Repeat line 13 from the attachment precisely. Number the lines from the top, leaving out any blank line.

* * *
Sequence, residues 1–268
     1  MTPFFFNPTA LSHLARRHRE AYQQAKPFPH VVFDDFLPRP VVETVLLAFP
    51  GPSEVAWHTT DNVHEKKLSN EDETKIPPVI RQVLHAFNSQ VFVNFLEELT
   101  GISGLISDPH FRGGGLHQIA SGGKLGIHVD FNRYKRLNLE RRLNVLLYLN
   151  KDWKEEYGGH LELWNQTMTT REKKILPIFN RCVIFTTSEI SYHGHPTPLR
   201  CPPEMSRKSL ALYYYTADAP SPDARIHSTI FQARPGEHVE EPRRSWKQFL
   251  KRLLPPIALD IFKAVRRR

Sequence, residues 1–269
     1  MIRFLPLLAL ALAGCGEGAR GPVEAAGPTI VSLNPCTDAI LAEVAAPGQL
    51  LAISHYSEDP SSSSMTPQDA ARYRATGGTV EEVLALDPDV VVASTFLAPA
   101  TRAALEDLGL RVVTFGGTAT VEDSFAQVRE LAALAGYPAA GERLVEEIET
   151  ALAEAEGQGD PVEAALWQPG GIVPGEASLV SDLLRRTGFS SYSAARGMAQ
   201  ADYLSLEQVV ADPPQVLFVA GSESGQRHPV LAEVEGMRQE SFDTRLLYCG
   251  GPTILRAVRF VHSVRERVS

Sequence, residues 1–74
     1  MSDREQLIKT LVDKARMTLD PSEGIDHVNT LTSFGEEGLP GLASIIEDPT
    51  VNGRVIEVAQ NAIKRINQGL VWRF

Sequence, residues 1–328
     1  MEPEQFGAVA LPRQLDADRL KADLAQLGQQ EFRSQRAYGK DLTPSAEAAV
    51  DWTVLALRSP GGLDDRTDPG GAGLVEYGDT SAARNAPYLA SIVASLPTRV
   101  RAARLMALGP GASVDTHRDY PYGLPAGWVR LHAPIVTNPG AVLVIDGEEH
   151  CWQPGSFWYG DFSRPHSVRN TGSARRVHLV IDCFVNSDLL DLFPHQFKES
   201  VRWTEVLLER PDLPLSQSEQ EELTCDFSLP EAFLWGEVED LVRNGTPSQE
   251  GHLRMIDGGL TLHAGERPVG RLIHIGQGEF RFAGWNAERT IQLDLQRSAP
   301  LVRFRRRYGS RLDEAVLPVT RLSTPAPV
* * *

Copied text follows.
   201  ADYLSLEQVV ADPPQVLFVA GSESGQRHPV LAEVEGMRQE SFDTRLLYCG